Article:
Usually we bond such retainers to the top and bottom anterior teeth. These are very good long-term retainers. Dr. Clarke has had one bonded to his own teeth for approximately 15 years. (We do not use words like "permanent" or "forever" when discussing these retainers since they are only bonded to the teeth and they will eventually become loose at one or more teeth). A person may notice a loose wire themselves, or it may be noticed when someone is visiting their family dentist and hygienist for a dental cleaning. In the future, when such a wire retainer becomes loose, a person can return to an orthodontic office and request that the wire be removed or that it be repaired and bonded again. If someone requests that it be removed, we would remind the person that teeth tend to crowd with age and if they'd like to ensure that their teeth stay straight, then we would recommend that they have the wire bonded again. The only time that we would be in favour of removing such a retainer wire is if the person does not floss those teeth and/or brush vigorously enough around the wire. Flossing can be done quite easily with the use of Superfloss and/or floss threaders and our staff provides samples to all of our patients and trains them how to use this. Once your fingers have tried the technique a couple of times, it is quite easy. Please see the picture below:

In addition to the two fixed lingual retainers, we provide patients with a clear, removable nighttime upper retainer called and Essix retainer. See this image:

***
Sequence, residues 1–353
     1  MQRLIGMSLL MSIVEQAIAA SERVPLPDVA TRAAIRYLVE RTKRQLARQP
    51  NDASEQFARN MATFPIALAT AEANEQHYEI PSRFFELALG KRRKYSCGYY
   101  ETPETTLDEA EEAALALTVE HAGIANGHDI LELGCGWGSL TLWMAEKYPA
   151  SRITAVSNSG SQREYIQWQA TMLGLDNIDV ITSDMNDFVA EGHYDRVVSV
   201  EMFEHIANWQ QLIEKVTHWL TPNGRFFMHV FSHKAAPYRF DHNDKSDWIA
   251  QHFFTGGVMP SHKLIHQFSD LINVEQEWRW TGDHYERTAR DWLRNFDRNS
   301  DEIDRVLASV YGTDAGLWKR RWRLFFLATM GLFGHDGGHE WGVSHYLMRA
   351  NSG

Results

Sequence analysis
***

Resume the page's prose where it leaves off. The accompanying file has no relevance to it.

We usually instruct patients to wear this every night for the first year after they finish their orthodontic treatment. After that period of time, the instructions become individualized. They become individualized because not everyone is the same with respect to how straight their teeth will stay. For some people (very few) they may be able to never wear a retainer and their teeth would stay straight. Other people (very few) will experience their teeth starting to move unfavourably after just a few days of not wearing their Essix retainer. And, most people will find themselves somewhere in the middle between these two extremes - you just don't know where you'll be. So, after the first year of nighttime Essix retainer wear, we will ask the patient if they would like to continue with this. Some (many) patients say yes since they are very comfortable with this and have this as part of their bedtime routine and they do not want to change. Further, some people know that they tend to grind their teeth at night and want to keep wearing their Essix retainer nightly in order to prevent tooth wear. Now, other people will be interested in starting to taper-off the number of nights that they wear their Essix retainer. For these people, we suggest that they start to wear their Essix retainer every-other night for the next few months; and then a couple times a week. We inform them that they can keep tapering-off from the Essix retainer wear until they reach a point in time where they find that the retainer is starting to become tight and/or their teeth are sore in the morning. Once they find that level of frequency of Essix wear, they can start to wear their retainer slightly more frequently so that the retainer does not fit tightly (only passively) and their teeth are not sore in the morning. I never tell people not to wear their Essix retainer. They can always do this testing of its fit. Otherwise, teeth move with aging to some extent.